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People in discursive spaces : entry-level humanities eduction for non-traditional adult learners

dc.contributor.advisorEpp, Juanita
dc.contributor.authorCzank, James M.
dc.date.accessioned2018-06-19T19:49:27Z
dc.date.available2018-06-19T19:49:27Z
dc.date.created2018
dc.date.issued2018
dc.identifier.urihttp://knowledgecommons.lakeheadu.ca/handle/2453/4195
dc.description.abstractIn Canada there are programs that offer non-traditional adult learners an entry-level university educational experience. These programs have various names, for example, Humanities 101, University 101, Discovery University and University in the Community. They are intended to better the lives of learners and claim to focus on the liberatory and emancipatory potential of education (Groen & Hyland-Russell, 2010a). This institutional ethnography investigated how the experiences of those involved in the programs related to the fundamental concepts associated with such programs through an analysis of program documentation and interviews with people participating in the programs. The findings suggested that the current offerings of Humanities 101 are delivered as an extension of formal education in that they support objectification of students and asymmetrical power relations, which continue to affect the adult learners and the classroom.en_US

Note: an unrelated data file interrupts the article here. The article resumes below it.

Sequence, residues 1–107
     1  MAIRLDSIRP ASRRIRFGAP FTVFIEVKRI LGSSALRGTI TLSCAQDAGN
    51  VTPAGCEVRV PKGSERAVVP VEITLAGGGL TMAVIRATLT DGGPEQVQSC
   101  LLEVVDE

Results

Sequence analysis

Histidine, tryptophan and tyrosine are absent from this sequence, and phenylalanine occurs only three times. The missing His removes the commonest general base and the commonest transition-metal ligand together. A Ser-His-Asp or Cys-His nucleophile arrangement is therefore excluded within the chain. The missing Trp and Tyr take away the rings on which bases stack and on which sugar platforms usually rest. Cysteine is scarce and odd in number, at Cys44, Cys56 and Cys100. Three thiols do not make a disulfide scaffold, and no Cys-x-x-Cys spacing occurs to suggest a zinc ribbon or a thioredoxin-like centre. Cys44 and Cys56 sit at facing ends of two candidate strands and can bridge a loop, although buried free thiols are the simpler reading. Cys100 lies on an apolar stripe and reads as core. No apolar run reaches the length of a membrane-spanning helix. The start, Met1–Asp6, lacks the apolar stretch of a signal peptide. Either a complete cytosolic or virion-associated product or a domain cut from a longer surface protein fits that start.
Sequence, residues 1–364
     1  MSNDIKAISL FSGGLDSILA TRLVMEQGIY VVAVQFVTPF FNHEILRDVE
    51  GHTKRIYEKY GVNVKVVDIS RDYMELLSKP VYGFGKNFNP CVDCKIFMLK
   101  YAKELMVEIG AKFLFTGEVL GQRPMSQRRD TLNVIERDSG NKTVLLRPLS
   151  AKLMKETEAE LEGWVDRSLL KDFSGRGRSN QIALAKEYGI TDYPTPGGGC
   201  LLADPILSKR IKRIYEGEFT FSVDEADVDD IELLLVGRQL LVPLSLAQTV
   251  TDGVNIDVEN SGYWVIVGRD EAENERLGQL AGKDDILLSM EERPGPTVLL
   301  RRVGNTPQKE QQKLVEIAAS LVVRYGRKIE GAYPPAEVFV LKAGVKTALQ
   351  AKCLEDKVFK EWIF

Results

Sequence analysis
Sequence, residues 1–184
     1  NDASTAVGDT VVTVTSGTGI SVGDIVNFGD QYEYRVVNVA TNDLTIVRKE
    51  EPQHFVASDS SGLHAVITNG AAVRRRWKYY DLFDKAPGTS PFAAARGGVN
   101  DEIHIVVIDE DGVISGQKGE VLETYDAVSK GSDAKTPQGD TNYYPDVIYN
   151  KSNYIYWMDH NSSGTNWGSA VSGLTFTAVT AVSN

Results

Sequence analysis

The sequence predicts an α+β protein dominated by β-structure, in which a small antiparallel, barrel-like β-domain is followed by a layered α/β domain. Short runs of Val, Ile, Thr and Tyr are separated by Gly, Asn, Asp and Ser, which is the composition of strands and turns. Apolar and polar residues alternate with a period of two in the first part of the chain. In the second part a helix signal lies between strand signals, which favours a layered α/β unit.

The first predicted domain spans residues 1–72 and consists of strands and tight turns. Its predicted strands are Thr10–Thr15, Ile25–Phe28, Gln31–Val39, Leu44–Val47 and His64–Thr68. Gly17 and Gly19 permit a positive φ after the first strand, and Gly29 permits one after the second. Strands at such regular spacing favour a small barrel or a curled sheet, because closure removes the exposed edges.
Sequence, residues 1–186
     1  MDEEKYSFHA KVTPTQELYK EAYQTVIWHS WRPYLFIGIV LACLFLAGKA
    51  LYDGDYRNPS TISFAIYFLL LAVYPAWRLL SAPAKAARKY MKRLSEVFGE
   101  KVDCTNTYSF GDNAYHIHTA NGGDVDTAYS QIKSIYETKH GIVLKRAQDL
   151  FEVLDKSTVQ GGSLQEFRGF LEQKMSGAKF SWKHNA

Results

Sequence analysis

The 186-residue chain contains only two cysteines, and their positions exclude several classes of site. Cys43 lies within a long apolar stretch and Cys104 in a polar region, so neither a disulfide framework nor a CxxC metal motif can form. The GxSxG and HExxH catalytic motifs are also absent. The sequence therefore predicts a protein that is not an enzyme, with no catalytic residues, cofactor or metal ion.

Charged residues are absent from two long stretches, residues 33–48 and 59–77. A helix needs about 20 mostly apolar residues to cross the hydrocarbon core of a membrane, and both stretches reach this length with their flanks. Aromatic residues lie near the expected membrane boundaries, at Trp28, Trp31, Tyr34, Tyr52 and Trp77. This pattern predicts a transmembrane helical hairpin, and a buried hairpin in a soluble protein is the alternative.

dc.language.isoen_USen_US
dc.subjectAdult educationen_US
dc.subjectHumanitiesen_US
dc.subjectInstitutional ethnographyen_US
dc.subjectNon-traditional learnersen_US
dc.titlePeople in discursive spaces : entry-level humanities eduction for non-traditional adult learnersen_US
dc.typeDissertationen_US
etd.degree.nameDoctor of Philosophyen_US
etd.degree.levelDoctoralen_US
etd.degree.disciplineEducationen_US
etd.degree.grantorLakehead Universityen_US
dc.contributor.committeememberTaber, Nancy
dc.contributor.committeemembervan Barneveld, Christina


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